Tennis star Kimiko Date talks to the Number 1 Shimbun about dealing with the Japanese media, and has advice for Naomi Osaka
As the world watched Naomi Osaka go through various off-court struggles in 2021, one former player who could understand the pressures of life on the tennis tour is Kimiko Date, who, prior to Osaka, was Japan’s most successful female player.
In an interview with the Number 1 Shimbun, Date sympathized with Osaka. She knows only too well what her compatriot is going through, having herself come under so much pressure during her playing days that she decided to end her career at the age of 25.
In the mid-90s, Japan produced a number of talented female tennis players; they weren’t world beaters but were competitive. After a slow start to her career, Date surged up the Women’s Tennis Association [WTA] rankings. The shy girl from Kyoto was suddenly Japan’s No. 1 tennis player, and would reach three Grand Slam semifinals and rise to become the world No. 4.
“Osaka and I have one thing in common,” says Date, who has met Osaka several times and even practiced with her. “We rose up the rankings very suddenly and we weren’t really prepared for what it meant. Her personality is one that takes everything to heart in a serious way and I think this exacerbates the problems she’s had.”
Date says this seriousness also affects the way Osaka deals with the media: “I think she takes questions in a different way and is very serious in the way she handles questions.”
The main reason behind Date’s own struggles can be summed up in two words: Japanese media. “The more you won, the greater the pressure from the media,” she says. “I just lost the will to play tennis.”
Date admits that the person who rose to world No. 4 in 1995 was a child, while the player who made a comeback at the age of 37 was an adult. “I might have made a different decision if I had been a grown-up,” she says of her first retirement. “If I could go back to when I was 25, I may have gone down a different path, but at that time I felt there was no alternative.”
Date hated dealing with the Japanese media. She was the golden girl of Japanese sports and a rarity in Japan at the time: an international star. That made her a valid target in the eyes of the piranhas of the Japanese media, and nothing had prepared her for that.
“I had minimal understanding from the WTA, but they said as far as English was concerned, I was on my own when it came to press conferences. In other sports, especially team sports like soccer or baseball, players would get a translator, but that wasn’t the case for an individual sport like tennis, so it made life really hard.”
IMG, the agency that handles Osaka, did make an offer to represent her at the time she turned pro, but she declined and instead relied on her coach and one of her sponsors to set her schedule and advise her.
“My early pressure came from my coach,” she says. “I was only 18 and just had to follow what the coach told me. He told me I had to be in the top 100 in a year or I’d have to quit tennis. But on top of that, when I was on tour, I had to do everything by myself. My English was very poor and it made life very hard.
“The real pressure from the media started when I got into the top 30. If I won, the media were happy; if I lost, they would switch 180 degrees and turn on me. I was still very young at this stage but, even then, I thought I couldn’t trust them, and I had no idea how to deal with them.” The media attention became even more intense as she broke into the top 10 and then the top five.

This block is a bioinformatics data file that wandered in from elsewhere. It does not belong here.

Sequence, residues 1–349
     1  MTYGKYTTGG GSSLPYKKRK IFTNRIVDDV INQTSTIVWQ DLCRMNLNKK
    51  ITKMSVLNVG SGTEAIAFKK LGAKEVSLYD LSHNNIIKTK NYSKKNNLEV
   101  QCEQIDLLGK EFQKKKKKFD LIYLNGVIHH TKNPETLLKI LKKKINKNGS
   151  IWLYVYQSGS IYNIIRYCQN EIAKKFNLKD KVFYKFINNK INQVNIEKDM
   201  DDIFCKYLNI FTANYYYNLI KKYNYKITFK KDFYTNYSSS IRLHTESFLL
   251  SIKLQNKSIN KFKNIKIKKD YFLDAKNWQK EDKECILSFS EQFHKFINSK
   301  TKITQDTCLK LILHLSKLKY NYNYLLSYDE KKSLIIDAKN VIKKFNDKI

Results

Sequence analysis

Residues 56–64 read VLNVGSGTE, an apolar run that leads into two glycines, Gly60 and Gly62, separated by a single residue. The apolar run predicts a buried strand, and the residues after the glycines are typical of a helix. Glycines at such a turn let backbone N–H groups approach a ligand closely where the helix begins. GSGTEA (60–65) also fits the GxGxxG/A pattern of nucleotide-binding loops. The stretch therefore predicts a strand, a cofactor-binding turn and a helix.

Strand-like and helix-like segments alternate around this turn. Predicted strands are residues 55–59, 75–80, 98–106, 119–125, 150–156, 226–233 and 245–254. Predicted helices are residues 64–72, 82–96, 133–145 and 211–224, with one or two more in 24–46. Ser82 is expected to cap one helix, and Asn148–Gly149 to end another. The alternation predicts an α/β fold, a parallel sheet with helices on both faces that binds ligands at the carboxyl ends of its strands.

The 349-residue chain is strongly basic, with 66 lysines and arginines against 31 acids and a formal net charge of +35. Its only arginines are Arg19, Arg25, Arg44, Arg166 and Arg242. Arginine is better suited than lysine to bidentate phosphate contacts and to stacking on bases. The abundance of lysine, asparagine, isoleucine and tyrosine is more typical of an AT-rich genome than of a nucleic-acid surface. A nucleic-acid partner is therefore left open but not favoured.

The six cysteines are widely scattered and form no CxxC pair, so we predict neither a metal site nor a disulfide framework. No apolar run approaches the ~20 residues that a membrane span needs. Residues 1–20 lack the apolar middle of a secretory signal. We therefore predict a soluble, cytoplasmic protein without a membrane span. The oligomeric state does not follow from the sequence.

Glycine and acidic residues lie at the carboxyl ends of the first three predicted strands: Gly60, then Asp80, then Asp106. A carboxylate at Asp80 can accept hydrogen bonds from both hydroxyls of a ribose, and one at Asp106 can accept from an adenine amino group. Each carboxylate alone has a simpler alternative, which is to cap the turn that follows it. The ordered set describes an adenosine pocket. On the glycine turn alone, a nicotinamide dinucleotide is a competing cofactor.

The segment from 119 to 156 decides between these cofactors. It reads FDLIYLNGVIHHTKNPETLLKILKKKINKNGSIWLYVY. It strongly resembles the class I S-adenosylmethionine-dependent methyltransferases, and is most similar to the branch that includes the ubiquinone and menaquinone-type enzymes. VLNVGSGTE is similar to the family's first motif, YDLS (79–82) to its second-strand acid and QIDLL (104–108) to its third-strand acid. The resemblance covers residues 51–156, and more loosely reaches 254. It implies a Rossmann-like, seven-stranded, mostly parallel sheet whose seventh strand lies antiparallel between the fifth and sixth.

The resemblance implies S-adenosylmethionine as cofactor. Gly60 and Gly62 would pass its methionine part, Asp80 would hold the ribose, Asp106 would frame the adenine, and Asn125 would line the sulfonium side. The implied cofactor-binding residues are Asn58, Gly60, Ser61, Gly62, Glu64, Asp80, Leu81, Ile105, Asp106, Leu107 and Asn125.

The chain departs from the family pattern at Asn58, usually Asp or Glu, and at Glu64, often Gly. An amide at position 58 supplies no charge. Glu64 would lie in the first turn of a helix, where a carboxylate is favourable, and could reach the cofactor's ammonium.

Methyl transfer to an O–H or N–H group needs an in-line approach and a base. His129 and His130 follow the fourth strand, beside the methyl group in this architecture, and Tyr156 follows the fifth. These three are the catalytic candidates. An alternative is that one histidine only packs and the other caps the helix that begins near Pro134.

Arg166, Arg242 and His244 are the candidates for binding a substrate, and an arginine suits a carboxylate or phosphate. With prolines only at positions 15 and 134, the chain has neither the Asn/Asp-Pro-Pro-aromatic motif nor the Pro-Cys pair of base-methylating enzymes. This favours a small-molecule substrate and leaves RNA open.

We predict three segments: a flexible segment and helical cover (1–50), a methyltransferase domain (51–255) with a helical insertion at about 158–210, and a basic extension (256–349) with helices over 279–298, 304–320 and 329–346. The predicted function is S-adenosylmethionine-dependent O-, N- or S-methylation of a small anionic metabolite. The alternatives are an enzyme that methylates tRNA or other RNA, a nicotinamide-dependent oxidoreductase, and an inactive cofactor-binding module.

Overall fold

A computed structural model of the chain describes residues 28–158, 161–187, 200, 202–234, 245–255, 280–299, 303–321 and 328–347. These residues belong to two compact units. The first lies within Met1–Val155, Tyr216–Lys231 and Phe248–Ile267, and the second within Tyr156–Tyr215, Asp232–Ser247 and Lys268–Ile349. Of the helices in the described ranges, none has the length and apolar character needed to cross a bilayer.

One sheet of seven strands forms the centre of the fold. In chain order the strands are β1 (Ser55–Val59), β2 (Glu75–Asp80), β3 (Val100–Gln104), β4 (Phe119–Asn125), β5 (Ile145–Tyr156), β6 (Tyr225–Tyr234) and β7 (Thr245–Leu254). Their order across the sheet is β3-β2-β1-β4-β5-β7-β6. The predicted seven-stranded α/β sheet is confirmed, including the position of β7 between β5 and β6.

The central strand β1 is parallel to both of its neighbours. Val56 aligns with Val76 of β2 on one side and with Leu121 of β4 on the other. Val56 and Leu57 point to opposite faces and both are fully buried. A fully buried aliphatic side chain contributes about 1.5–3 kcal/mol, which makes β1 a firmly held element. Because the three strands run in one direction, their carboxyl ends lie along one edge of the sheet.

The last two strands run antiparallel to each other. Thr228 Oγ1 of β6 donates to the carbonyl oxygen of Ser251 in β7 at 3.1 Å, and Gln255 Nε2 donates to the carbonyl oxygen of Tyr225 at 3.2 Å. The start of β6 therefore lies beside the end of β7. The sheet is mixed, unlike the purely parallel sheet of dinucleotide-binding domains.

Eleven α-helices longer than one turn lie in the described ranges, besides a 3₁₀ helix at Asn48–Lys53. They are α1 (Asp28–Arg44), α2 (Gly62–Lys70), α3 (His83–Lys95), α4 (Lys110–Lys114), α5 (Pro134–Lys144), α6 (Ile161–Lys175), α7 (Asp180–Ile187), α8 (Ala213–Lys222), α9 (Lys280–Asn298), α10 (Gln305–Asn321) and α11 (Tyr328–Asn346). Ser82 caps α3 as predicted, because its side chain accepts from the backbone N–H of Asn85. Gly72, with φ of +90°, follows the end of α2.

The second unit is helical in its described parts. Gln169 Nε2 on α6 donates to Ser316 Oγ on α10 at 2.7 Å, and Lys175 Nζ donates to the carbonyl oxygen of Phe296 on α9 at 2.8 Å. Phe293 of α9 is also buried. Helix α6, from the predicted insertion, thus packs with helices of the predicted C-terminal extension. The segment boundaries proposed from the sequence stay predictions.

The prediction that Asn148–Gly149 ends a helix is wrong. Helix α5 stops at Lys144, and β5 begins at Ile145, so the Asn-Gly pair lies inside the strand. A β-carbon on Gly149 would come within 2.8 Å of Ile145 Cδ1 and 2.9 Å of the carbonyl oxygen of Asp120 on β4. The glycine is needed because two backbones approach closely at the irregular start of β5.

“After that, it wasn’t just the sports media. The gossipy publications and paparazzi would stand outside my home and I had no privacy, no private life. Interviewers would ask shallow, stupid questions. They weren’t interested in tennis or how you did on court; they just wanted personal stories. It was very stressful. Thankfully, the Japanese media are a bit more professional nowadays.
“I wanted to become a better tennis player, but I was confused. I no longer knew if I was enjoying tennis, so I started thinking about quitting. At that time, I don’t think the WTA were very supportive or sympathetic, especially to Asian players.”
Date says she was able to focus on her tennis early on in her career, but as she became more famous and came under greater media scrutiny, the game stopped being enjoyable.
“In my second career, I didn’t win as much as before, but I felt happy and I felt free and I felt I could enjoy being a tennis player again. In my first career, everyone, especially the media, had great expectations of me. When I came out of retirement, I was more mature and more capable of dealing with the media. If someone told me something negative, I was able to respond without any problem.
“You can deal with the media in many ways; you can say everything to them, or a little bit or nothing. I get the impression Osaka actually takes her media obligations too seriously. Maybe she thinks she has to answer all their questions and so feels pressure that way.
“I really understand her feeling. When I was rising in the rankings, it was mainly just the Japanese media and there was no internet then, but everything Osaka does is reported worldwide, so the pressure she feels is so much greater.”
That said, Date believes it’s up to Osaka to find a way to deal with the media and her mental health issues.
“I think all the top players are affected by stress that affects their mental health, but they have to find a way to deal with these problems. You can’t refuse to attend press conferences just because you lose. You have to find a way to deal with the media.”
Fred Varcoe is a British freelance journalist. He was formerly sports editor of The Japan Times and Metropolis magazine, and has written on sports, music, cars and other topics for The Daily Telegraph, the Daily Mail, Billboard, Automobile Year, Reuters, the Japan Football Association, the International Volleyball Association and various websites.